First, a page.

E-cigarettes, estimated as 95% less harmful than conventional cigarettes, are too often being overlooked as a stop smoking tool by the NHS, especially in mental health settings, according to MPs.
They said it was “unacceptable” that a third of the 50 mental health trusts in England had banned e-cigarettes on their premises, given that second hand e-cigarette vapour posed such an insignificant risk.
“It is extraordinary that one-third of mental health trusts ban the use of e-cigarettes completely”
They recommended that NHS England should set a policy for mental health facilities to allow e-cigarette use by patients, unless trusts could demonstrate evidence-based reasons for not doing so.
More broadly, the Commons’ science and technology select committee said in a report that regulations should be relaxed relating to e-cigarettes’ licensing, prescribing and advertising of their health benefits.
The committee’s report, published today, concluded that e-cigarettes could significantly accelerate declining smoking rates, thereby tackling one of the largest current causes of death in the UK.
The cross-party committee examined the impact of electronic cigarettes on human health, the suitability of regulations guiding their use, and the financial implications for both business and the NHS.
“If used correctly, e-cigarettes could be a key weapon in the NHS’s stop smoking arsenal”
It noted that the government arms’-length body Public Health England (PHE) had estimated e-cigarettes to be less harmful than conventional cigarettes by around 95%.
In comparison to their more dangerous counterparts, e-cigarettes lacked the tar and carbon monoxide –the most dangerous components produced by combustion – found in conventional cigarettes, it said.
The report noted that about 2.9 million people in the UK were currently using e-cigarettes and it was estimated that 470,000 people were using them as an aid to stop smoking.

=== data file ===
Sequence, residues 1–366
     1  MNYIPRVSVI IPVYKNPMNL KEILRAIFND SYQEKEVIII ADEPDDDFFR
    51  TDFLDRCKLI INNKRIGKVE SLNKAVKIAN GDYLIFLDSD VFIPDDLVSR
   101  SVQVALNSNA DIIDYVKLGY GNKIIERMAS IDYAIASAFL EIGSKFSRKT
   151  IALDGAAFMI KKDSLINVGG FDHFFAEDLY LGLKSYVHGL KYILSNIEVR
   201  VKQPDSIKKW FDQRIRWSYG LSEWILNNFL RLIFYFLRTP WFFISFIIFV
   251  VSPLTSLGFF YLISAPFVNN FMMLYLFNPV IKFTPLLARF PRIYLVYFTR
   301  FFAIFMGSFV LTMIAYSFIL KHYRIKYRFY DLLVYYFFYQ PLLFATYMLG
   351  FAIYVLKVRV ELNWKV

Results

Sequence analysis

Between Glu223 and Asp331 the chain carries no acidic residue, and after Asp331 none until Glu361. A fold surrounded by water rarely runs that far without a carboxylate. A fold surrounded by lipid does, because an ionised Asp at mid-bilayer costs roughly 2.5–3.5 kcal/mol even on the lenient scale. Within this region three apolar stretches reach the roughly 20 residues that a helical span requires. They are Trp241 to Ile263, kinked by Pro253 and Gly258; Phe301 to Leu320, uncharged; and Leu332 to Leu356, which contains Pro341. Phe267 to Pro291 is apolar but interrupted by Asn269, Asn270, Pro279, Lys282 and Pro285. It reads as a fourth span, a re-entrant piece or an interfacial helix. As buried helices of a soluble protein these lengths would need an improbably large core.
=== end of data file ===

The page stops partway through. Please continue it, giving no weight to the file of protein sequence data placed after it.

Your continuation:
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Norman Lamb, chair of the committee and Liberal Democrat MP for North Norfolk, said: “E-cigarettes are less harmful than conventional cigarettes, but current policy and regulations do not sufficiently reflect this.
“Concerns that e-cigarettes could be a gateway to conventional smoking, including for young non-smokers, have not materialised,” he said. “If used correctly, e-cigarettes could be a key weapon in the NHS’s stop smoking arsenal.
“E-cigarettes are a proven stop smoking tool and, while uncertainties undoubtedly remain about their long-term health impact, failing to explore the use of e-cigarettes could lead to the continued use of conventional cigarettes – which currently kill around 79,000 people in England every year,” he said.
Mr Lamb also highlighted that the percentage of people smoking among those with mental health conditions remained “stubbornly high”, compared to the declining trend in the general population.
“Government, regulators and service providers should take note”
He said: “People with mental health conditions are almost 2.5 times more likely to smoke compared to the general population.
“It is therefore extraordinary that one-third of mental health trusts ban the use of e-cigarettes completely, while three-quarters of NHS trusts are mistakenly concerned about ‘second-hand’ e-cigarette vapour. This is unacceptable,” he stated.
He added: “Those with mental ill health are being badly let down and NHS England appear to have failed to give this any priority. NHS England’s default policy should be that e-cigarettes should be permitted in mental health units.”
Duncan Selbie, chief executive of PHE, said: “E-cigarettes are not without harm but are way safer than the harms of tobacco.
“We want to see a tobacco-free generation within 10 years and this is within sight,” he said in response to the report.
Professor Linda Bauld, professor of health policy at the University of Stirling, said: “This report is a welcome and evidence-based respite from all the scare stories we see about vaping.
“Its recommendations are not likely to be popular with all, and some of them may be difficult or complex to implement. But government, regulators and service providers should take note,” she said.
George Butterworth, senior policy manager at Cancer Research UK, said e-cigarette regulations “should be aimed at helping smokers to quit whilst preventing young people from starting to use e-cigarettes”.